As we got to a place called the Lava Tower (4,630 m ASL) I was almost fine but totally out of appetite. We on the West are obsessed with eating less. Here, however, I wasn’t to lose weight so I had to force myself to chew and swallow something, just not to run out of fuel.
The Lava Tower is a circa 100 m high rocky formation that would be surely worth climbing. I didn’t do it and surely the park authorities’ ban are to blame for that, not the fact that I don’t know how to do alpine climbing. There were also some kind of wall looking artificial from a distance, like having been built up of huge stone blocks. But, aliens weren’t involved, a closer inspection proved the thing was totally natural.
Then came the fall! Or rather the descent down to the Barranco camp at 3,900 m ASL. It was quite frustrating to lose 700 m of altitude when you start getting out of breath due to thin air but the marvelous landscapes you meet on your way did make up for it. Extraterrestrial-looking rocky fields changed to a green valley where other Kilimanjaro-only thingies grew… One of them looked like an overgrown pineapple.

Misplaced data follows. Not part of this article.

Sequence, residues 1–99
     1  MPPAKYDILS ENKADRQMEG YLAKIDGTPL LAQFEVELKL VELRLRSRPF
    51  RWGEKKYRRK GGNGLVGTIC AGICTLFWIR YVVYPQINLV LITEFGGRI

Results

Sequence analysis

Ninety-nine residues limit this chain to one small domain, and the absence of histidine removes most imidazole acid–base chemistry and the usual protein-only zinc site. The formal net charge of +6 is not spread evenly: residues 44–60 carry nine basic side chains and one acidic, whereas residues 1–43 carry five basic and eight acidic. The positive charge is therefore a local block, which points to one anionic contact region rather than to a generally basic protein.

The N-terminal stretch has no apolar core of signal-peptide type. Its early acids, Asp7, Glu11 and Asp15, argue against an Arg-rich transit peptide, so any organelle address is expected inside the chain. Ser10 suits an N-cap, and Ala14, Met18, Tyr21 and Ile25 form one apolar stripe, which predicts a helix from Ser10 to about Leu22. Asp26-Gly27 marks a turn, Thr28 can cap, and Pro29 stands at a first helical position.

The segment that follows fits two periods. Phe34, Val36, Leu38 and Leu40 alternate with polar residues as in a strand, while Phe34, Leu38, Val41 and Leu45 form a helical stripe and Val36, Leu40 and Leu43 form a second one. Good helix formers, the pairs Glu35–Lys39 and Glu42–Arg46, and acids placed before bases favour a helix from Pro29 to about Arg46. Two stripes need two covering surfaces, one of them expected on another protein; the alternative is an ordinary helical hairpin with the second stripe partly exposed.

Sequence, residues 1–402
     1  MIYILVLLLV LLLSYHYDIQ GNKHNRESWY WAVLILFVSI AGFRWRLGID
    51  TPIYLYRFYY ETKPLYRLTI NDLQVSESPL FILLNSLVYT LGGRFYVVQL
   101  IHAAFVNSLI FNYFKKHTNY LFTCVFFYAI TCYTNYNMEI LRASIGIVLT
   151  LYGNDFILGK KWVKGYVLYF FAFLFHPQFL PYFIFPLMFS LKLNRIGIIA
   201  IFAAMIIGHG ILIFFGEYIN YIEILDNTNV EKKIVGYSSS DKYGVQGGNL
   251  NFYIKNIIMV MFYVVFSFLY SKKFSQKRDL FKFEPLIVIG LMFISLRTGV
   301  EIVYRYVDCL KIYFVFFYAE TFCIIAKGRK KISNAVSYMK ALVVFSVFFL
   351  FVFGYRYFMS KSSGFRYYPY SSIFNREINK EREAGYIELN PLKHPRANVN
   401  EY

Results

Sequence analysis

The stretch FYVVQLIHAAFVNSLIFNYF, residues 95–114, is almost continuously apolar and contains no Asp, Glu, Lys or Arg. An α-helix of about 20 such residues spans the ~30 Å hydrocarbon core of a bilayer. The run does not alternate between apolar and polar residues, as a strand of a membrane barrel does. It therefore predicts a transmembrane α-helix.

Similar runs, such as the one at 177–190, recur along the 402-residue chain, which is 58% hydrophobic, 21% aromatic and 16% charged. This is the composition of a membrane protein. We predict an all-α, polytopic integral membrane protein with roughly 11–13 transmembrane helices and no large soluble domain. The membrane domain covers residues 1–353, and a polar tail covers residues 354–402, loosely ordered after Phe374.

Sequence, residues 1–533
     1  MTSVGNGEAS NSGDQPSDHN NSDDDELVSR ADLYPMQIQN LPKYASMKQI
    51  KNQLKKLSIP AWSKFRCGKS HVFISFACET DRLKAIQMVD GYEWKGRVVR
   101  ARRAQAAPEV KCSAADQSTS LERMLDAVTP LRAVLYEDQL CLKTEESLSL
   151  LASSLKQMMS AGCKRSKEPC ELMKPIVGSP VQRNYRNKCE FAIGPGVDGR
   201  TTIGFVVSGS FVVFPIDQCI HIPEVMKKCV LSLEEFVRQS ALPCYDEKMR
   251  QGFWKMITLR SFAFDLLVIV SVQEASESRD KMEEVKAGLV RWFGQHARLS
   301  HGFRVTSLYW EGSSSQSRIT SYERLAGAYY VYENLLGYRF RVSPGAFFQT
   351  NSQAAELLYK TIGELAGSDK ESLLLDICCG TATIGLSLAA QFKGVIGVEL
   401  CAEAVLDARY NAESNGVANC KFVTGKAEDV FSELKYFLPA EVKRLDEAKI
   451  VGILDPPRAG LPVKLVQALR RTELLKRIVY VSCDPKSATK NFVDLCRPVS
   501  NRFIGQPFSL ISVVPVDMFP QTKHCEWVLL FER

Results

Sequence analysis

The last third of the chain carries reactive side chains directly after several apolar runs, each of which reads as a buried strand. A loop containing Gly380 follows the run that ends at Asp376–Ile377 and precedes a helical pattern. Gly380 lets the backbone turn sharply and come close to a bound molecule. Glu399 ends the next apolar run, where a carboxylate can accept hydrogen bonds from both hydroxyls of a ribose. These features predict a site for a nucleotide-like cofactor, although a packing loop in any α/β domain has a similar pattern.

The summit seemed so close and it actually was, just a few kilometers as the crow flies. Or that crow-eagle monster. To have it that close but still having to descend, just to climb again in the morning… As I said, a Tantalus day.
At the Barranco camp, I suddenly felt 20 years older so I just fell and slept for at least 10 hours. Much to my surprise, I was again 40-something in the morning, headaches all gone and hungry as a T-rex. My German marathon friend told me they took some magic pills against the mountain sickness, the ones called Cialis. Wait, I said to him, isn’t it actually… Yeah! – he replied triumphantly. But it’s also good here! He was so adamant in his illusion that I decided not to ruin it and let the place do work.
5. Day 4, a steep fun.
My guide waved his hand eastwards, showing the way to go. But all I saw there, was something looking like a vertical wall at least a hundred meter high. Ehm? No worry, he said. There’s a path, do you see the moving points? It’s people!